But in England towers so seldom mellowed rightly. They were too rain-washed, weather-beaten, wind-kissed, rugged; they turned tragic and outlived themselves; they became such hags of things; they grew dowdy and wore snapdragons; objects for picnics; rendezvous of lovers, haunts of vice . . . ; they were made a convenience of by owls; they were scarred by names; choked by refuse, and in the end they got ghoulish and took to too much ivy, and came toppling down.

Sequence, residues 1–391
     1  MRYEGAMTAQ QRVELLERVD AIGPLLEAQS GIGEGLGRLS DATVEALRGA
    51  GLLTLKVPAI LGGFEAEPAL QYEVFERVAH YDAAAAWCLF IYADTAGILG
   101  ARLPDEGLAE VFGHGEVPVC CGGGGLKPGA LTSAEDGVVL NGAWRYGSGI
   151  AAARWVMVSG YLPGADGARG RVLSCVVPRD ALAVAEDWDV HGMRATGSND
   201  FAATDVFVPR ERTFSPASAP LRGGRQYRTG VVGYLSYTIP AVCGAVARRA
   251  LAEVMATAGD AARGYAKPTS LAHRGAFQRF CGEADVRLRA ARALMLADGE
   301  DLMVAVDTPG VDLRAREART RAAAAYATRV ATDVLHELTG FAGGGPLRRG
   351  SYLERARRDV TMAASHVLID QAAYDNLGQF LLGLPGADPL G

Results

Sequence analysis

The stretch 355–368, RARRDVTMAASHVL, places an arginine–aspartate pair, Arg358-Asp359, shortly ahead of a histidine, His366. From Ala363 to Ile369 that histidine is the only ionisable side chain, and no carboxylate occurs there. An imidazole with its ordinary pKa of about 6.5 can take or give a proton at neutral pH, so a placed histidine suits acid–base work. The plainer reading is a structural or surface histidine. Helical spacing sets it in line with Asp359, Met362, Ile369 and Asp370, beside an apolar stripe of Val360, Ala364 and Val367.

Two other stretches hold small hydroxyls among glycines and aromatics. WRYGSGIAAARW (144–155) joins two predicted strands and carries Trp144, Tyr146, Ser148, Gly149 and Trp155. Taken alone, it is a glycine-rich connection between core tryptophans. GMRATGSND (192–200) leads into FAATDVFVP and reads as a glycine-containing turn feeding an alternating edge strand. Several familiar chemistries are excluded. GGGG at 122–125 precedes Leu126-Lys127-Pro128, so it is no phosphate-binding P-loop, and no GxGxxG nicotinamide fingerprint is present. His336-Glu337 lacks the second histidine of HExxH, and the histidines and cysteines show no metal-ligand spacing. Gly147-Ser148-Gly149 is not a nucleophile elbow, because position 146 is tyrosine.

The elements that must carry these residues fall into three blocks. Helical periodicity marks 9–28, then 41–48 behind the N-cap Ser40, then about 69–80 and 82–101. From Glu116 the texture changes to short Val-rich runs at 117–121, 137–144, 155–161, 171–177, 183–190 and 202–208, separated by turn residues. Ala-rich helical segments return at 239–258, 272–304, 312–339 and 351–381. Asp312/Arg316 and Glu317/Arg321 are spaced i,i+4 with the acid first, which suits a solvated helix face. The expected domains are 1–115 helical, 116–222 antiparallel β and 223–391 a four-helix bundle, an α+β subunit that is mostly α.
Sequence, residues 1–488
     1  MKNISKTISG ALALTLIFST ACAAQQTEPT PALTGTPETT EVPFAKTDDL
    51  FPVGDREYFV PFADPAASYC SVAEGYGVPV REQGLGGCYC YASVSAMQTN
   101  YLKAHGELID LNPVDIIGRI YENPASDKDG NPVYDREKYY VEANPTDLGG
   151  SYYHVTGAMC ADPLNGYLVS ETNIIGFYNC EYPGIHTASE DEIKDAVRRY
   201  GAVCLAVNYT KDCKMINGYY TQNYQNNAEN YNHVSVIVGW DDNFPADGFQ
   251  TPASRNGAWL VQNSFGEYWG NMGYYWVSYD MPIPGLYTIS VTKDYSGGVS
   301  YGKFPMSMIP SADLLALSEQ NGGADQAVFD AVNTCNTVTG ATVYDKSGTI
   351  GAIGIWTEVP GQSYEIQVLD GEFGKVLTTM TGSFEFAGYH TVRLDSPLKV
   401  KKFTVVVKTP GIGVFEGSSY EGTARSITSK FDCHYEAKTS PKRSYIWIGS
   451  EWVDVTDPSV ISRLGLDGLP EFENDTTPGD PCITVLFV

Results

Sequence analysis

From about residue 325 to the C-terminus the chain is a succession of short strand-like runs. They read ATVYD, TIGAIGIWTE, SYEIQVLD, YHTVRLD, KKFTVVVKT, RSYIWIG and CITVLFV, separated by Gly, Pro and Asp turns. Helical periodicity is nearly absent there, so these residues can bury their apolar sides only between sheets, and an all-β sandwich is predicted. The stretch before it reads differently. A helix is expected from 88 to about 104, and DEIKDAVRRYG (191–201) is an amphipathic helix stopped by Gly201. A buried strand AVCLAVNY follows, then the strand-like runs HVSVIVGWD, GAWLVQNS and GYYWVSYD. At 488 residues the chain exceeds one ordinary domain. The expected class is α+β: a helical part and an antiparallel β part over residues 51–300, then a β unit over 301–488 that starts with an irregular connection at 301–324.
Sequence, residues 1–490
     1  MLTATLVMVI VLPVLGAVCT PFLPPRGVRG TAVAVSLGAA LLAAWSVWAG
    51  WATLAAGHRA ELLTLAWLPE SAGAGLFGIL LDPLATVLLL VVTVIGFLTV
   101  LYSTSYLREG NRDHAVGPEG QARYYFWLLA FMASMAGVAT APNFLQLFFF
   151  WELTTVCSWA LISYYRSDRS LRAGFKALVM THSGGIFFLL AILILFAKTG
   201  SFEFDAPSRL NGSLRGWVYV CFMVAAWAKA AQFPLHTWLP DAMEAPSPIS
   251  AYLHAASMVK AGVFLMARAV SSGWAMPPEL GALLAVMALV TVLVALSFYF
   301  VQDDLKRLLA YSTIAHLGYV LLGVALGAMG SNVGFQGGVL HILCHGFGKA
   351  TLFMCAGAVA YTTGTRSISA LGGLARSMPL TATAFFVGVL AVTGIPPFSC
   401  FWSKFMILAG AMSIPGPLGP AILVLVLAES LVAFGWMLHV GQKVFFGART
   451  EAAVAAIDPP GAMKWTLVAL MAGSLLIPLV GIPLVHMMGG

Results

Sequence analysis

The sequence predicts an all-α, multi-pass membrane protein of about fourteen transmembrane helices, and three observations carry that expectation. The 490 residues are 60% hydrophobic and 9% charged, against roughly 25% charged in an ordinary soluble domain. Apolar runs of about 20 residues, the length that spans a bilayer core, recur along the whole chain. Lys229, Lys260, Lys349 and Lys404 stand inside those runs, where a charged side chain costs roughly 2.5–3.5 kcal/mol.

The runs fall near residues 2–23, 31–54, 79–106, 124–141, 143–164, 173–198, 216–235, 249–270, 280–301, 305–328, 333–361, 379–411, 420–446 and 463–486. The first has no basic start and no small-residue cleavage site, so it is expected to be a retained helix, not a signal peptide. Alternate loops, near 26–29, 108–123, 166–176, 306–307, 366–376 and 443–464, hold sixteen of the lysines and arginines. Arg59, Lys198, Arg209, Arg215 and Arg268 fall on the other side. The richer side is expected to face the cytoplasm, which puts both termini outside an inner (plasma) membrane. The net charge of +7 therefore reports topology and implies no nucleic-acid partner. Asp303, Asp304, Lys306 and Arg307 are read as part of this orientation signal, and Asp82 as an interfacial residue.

from Ronald Firbank, Vainglory (1915)